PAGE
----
More indicators for the RAT are matching the strings from the wsus.exe executable:
Morphisec Labs has intercepted another attack from the same actor. Within one day, the threat actors changed the pattern of the Ammyy attack chain by changing the MSI packaging.
- Document (.doc) - 3f8a1922c7dc7df83bf1e7c130d306ef2d2a39fa
- MSI - 60971C1C1BC046D082E413D5CC2F9B38177F494E
They also changed the Domain download IP: 195.123.240[.]220
New Ammyy RAT:
The new domain currently works and leads to the same C&C server.
Morphisec Labs recommends that users take this analysis into consideration and work to determine if you, or any supply chain partners have been impacted by this campaign. A large component of this campaign features techniques that easily evade other defenses. Morphisec stops this attack. All Morphisec customers are protected from this campaign with its Moving Target Defense solution that is architected specifically to handle these exact types of targeted campaigns.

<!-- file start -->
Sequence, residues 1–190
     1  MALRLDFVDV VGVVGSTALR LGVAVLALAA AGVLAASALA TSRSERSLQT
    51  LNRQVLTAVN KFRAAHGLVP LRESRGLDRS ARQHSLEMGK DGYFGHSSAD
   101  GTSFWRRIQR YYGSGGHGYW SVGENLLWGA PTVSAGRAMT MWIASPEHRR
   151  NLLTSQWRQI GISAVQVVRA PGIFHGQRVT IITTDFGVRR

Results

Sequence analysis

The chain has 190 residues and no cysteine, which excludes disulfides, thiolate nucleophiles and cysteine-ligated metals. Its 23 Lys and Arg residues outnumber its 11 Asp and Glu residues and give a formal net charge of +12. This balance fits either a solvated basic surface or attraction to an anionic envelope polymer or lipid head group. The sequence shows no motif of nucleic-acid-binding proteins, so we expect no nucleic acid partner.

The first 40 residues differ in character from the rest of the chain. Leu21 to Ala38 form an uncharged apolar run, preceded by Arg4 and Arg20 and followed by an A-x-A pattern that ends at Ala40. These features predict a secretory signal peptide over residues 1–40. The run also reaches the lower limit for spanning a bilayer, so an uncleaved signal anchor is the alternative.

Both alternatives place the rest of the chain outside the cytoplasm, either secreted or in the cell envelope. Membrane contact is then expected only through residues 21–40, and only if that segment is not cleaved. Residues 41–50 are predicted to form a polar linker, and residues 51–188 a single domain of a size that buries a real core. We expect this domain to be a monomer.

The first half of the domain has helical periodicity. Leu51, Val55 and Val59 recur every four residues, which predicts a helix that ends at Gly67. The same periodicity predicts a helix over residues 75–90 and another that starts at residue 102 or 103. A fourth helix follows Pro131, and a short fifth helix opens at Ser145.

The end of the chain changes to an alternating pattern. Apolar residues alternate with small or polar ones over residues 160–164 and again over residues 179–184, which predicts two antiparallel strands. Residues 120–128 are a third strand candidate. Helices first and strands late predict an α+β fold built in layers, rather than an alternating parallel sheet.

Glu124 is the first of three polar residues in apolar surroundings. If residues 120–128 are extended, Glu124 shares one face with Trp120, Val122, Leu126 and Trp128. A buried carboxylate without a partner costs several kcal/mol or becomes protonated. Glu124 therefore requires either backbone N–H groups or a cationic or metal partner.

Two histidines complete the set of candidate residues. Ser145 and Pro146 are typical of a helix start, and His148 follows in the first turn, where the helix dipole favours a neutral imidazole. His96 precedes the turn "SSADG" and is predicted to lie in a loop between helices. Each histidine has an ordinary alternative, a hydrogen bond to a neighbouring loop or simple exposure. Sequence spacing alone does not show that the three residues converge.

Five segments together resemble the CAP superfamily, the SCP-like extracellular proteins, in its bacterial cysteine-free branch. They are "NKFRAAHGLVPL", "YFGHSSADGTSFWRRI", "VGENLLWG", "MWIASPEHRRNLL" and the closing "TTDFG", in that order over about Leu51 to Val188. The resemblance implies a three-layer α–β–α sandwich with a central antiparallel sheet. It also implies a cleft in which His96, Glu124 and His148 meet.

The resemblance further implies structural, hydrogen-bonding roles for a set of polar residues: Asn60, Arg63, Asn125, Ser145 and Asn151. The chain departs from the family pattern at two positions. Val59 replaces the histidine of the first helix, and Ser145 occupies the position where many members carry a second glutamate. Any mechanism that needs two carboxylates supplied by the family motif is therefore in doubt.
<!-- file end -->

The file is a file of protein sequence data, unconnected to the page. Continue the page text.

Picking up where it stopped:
5740a465eea3b4c0d754bb22943b0d93ce95857d <.pub file>
bb85526faa8de4941d8d884fc6818c898c1004ff <.pub file>
d2a2557f35a34a21d8d7adf43eec8da2392595ec <.doc file>
Ammy RAT (Wsus)
More indicators for the Remote Manipulator RAT:
21347afa7af3b6c9cd0646ba4644c5b65ecaeb6c (.doc file)
8B10CEBD3C24E80D62DBB06F989AF43CF732448C (MYEXE Downloader)
4a026651e048174202501bc33cdb7d013517348d (09112018_281_29.doc - German)
12e94fdb61f866e0f402c48f71a24d19bf2e8c32 (comprobante.doc - Spanish)